Park Geun Hye was elected president of South Korea, becoming the first woman to lead Asia’s fourth-biggest economy more than 30 years after her father’s rule as dictator ended with his assassination.
Park, 60, of the ruling New Frontier Party, defeated main opposition nominee Moon Jae In, 51.6 percent to 48 percent, the biggest margin of victory in 25 years. Stocks and the won were little changed in morning trading.
The never-married daughter of the nation’s longest-serving dictator will lead a country with one of the world’s most entrenched gender gaps. She must confront a slowing economy, widening income disparity and re-engagement with North Korea after the totalitarian state’s rocket launch last week.
“Park’s victory is historically symbolic,” said Lee Nae Young, a political science professor at Korea University in Seoul. “Voters decided she will offer the most stable leadership to navigate the country through a global recession, and mounting internal and external uncertainties, especially in foreign affairs and national security.”
Park will take office on Feb. 25, when President Lee Myung Bak’s single five-year term ends.
“As the first woman president, I promise to fulfill new change and reforms with you,” she said today at a press conference in Seoul. “South Korea’s economy is still difficult. I will create a country where nobody worries about putting food on the table.”
Incoming Japanese Prime Minster Shinzo Abe, whose party won a landslide victory on Dec. 16, congratulated Park on her election. While the two countries are mired in a territorial dispute over islets that canceled the extension of a currency swap agreement, Abe stressed the need for close ties.
“In light of the present situation in East Asia, it is vital that we cooperate closely in order to ensure regional peace and stability,” he said in a statement.
Park’s win may be “positive” for South Korea’s consumer and construction companies, HSBC Holdings Plc analysts led by Herald van der Linde said in a report today. The government is likely to support the economy through the expansion of public housing, while Park has pledged less strict regulation against supermarkets and hypermarkets, the report said.
South Korean stocks erased earlier gains on signs the U.S. budget negotiations are stalled. The benchmark Kospi index was up 0.1 percent at 10:43 a.m in Seoul, and has climbed 9.3 percent this year.
The result means the New Frontier Party retains the presidential Blue House, overcoming widespread dissatisfaction with Lee. The outgoing leader’s popularity plummeted as he failed to live up to pledges to set the economy on a path to the 7 percent annual growth needed to increase per-capita income to $40,000 by 2017.
South Korea’s economy is forecast to grow 2.4 percent this year, the slowest pace since 2009. Park pledged to raise wages, increase welfare spending and rein in the influence of the family-owned conglomerates such as Samsung Group and Hyundai Motor Co. known as chaebol.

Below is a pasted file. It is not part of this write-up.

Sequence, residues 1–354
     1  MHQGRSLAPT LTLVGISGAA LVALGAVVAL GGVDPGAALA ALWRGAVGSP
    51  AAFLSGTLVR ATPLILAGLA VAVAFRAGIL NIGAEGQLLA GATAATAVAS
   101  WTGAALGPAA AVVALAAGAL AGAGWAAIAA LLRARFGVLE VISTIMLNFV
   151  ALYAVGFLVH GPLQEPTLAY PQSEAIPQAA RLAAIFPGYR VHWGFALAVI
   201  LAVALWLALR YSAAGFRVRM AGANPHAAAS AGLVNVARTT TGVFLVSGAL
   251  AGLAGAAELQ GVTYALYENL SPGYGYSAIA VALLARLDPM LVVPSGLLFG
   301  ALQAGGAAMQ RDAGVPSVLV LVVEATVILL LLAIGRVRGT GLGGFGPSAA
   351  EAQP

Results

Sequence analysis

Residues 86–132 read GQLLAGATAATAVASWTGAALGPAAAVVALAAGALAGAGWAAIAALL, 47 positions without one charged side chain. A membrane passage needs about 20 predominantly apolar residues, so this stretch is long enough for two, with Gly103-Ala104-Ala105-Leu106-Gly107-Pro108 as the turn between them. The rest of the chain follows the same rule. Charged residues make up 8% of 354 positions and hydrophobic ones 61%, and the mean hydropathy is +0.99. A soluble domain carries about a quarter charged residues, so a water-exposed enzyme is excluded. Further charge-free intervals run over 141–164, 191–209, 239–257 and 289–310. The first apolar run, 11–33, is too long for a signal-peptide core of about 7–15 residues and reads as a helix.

While pledging to restrict their power, she stopped short of Moon’s recommendations to ban existing and new cross-shareholding to reduce the risk of monopolies.
Her win may boost equities in the short- to medium-term as market uncertainty over “hawkish” anti-chaebol policies has been removed, Macquarie Group Ltd. analysts Chan Hwang and Joe Huh wrote in a report today.
“Her main focus when she comes in is going to be on the domestic economy and getting it to grow and creating jobs,” said Victor Cha, who holds the Korea chair at the Center for Strategic and International Studies in Washington.
Park faced questions of whether as an unmarried childless woman she could relate to problems of working women. She appealed to the electorate by saying her family was the nation.
South Korea ranks 108th among 135 countries surveyed in the World Economic Forum’s annual Global Gender Gap Report, and is 116th in economic participation and opportunity for women.
The election had historical resonance as Moon was imprisoned in 1975 for leading student protests against Park’s father. Park Chung Hee led South Korea for 18 years, spurring growth in steel, shipping and automobile manufacturing by sponsoring the chaebols. He also used torture, censorship and executions to crush dissent, and was assassinated by his intelligence chief in 1979.
Park Geun Hye apologized in September to the victims of her father’s rule. She served as first lady for five years starting at age 22 when her mother was slain by a North Korean agent attempting to assassinate her father.
On ties with North Korea, both Park and Moon called for resuming dialogue with Kim Jong Un’s regime, which last week ignored international calls to refrain from launching a long-range rocket. The North’s official Korean Central News Agency during the campaign accused Park of “kicking up hysteria for confrontation.”
Park said she was willing to hold summit talks with Kim, while emphasizing the importance of national security and “dialogue based on trust.” Mending fences may offer companies in the South expanded access to the Gaeseong joint industrial zone while bringing aid to Kim, whose economy is one-fortieth the size of his rival.
“There is broad consensus in Korea on the need to engage with North Korea, even when they engage in bad behavior, like rocket launches,” said Peter Beck, Korea representative for the Asia Foundation in Seoul.